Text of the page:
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Code of conduct findings

You may be forgiven for forgetting, but early in 2020 the Security Industry Authority (SIA) went out to consultation – between January and February – on a proposed Code of Conduct; briefly, the behaviour that would be expected of its licence holders and applicants. The SIA sought views of licence holders and others on the draft code, and on the potential impacts of making such a code.

The SIA received 3,853 responses – by government consultation standards, a huge number – to the online consultation, with over 4,200 comments made in response to the free text (that is, open) questions. Nearly all responses (98pc) were made by existing SIA licence holders. The SIA would like to thank everyone who took the time to participate in this consultation.

The Authority has published a summary of its analysis of responses.

As the regulator puts it, introducing a Code of Conduct would be a significant step for both the industry and the SIA. The publication of the analysis has taken the SIA longer than it would have liked due to the volume of responses and the impact of the covid-19 pandemic, which has seen the regulator out of its Canary Wharf head offices since March and working remotely, for the foreseeable future.

The SIA says it will now consider in more detail whether a code of conduct is a proportionate regulatory approach, and what impact it might have on the private security industry. Also; how would it work in practice? The SIA promises dialogue and an update.

Commitments

The code proposes to have six ‘Commitments’:

Act with honesty and integrity. Be trustworthy. Protect the people and property you are entrusted to protect. Be professional at work. Act with fairness and impartiality at work. Be accountable for your decisions and actions.

In the consultation, most who replied liked it, and said that they could understand it. Some comments did raise the issue of how could anyone define consistently ‘fit and proper’ – should it include appearance, customer service ethos, being punctual? Being aggressive and violent? Or even poor English language ability, if that implies the licence holder was guilty of fraud to pass their exam to apply for an SIA badge? To repeat, some replies queried how any code could be enforced; would a lack of physical fitness, for example, mean that you weren’t ‘fit and proper’? It begged many questions – would there be a register of violent or other improper behaviour? If someone witnessed a breach of the code – such as violence by door staff against drinkers, or bullying by supervisers of colleagues – would there be a means of ‘whistle-blowing’?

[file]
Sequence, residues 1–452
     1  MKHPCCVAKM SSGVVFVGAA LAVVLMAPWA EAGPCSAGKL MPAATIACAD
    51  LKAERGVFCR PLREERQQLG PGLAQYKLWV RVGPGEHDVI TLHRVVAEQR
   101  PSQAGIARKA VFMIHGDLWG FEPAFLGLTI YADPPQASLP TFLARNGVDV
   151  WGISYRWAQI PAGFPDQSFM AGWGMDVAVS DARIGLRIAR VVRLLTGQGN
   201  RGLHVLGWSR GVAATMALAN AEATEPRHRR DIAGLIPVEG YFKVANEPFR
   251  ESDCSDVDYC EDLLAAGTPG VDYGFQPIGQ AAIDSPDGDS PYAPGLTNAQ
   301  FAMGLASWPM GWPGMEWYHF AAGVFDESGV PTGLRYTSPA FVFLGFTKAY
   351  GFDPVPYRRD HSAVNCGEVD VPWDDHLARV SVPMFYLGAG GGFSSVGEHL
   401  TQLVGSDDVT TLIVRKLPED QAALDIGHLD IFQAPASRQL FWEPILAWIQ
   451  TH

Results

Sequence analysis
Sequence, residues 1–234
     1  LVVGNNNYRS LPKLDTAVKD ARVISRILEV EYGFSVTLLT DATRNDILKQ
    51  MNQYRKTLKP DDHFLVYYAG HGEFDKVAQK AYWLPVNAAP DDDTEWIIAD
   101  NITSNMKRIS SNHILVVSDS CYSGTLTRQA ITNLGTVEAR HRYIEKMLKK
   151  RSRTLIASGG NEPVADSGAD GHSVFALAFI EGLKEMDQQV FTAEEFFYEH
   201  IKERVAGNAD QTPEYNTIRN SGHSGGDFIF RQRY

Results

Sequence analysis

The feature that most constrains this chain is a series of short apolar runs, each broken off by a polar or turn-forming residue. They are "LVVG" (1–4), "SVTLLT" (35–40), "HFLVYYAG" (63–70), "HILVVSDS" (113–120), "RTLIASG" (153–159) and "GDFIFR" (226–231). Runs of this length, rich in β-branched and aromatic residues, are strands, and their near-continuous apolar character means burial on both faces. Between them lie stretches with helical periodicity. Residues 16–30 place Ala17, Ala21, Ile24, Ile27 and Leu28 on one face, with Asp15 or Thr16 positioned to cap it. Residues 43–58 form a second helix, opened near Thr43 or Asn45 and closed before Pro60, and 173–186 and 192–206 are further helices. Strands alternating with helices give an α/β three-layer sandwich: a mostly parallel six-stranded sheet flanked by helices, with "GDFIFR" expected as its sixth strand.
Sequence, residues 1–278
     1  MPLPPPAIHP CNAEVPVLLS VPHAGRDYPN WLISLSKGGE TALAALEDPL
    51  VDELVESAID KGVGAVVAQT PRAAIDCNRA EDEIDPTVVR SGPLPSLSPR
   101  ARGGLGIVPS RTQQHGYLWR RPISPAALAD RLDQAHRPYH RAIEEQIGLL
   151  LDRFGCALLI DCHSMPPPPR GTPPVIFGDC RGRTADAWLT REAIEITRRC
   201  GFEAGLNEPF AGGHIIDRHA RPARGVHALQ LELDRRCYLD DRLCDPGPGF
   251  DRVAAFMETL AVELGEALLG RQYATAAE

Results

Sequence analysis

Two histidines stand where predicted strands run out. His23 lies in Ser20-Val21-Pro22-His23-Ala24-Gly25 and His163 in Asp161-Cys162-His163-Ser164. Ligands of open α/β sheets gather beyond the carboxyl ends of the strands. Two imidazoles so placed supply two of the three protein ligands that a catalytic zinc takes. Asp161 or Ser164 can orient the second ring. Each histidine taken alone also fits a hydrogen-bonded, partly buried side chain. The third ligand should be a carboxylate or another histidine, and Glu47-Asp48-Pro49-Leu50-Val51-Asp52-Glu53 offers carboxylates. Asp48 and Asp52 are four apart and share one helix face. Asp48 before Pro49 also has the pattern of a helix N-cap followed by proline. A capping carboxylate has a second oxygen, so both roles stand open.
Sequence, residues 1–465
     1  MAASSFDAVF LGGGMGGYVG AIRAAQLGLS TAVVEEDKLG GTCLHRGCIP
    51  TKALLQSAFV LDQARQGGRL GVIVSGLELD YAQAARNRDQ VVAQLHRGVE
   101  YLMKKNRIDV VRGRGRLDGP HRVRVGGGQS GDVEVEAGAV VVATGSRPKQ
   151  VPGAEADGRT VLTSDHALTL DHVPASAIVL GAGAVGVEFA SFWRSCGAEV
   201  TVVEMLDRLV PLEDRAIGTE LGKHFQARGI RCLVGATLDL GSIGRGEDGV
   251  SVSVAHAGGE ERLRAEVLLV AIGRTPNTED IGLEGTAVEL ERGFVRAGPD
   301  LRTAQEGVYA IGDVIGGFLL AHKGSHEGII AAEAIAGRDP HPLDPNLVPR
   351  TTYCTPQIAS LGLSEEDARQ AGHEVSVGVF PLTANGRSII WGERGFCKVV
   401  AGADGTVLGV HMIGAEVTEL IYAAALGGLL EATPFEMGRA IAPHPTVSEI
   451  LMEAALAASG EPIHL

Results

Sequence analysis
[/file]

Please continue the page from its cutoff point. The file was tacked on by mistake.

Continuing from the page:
As for whether a code would bring any practical benefits, opinion was split almost equally three ways, between yes, no, and don’t know.

Recap of code

To recap, if you don’t meet the code, you may have your licence suspended and/or revoked. While some behaviours are already crimes – such as taking or asking for a bribe – others are more about ‘integrity’ than outright crimes, such as behaving in an ‘inappropriate, unsafe or sexually predatory way’ towards the vulnerable, such as a doorman towards a young drunk women.

Also potentially difficult to decide on is what is reasonable force under the ‘protect’ commitment. An example of not meeting the commitment in the SIA’s draft is a security guard rugby tackling a shoplifter to the ground as they try to leave a supermarket, and then restraining them face down on the ground while waiting for the police to arrive (if, we might add, police ever do).

As for the ‘professional’ commitment, that would take much defining; how professional is it to have a drink before a shift, or to discriminate, on any grounds?

Besides the front line actions of operatives, the code proposes also to address company directors, such as the ‘phoenixing’ or closing an insolvent company, and then carrying on much the same business, with the same offices and same employees but using a new (but similar to the old) company name; or allowing a guarding or door security business to be used as a front for an organised crime group.


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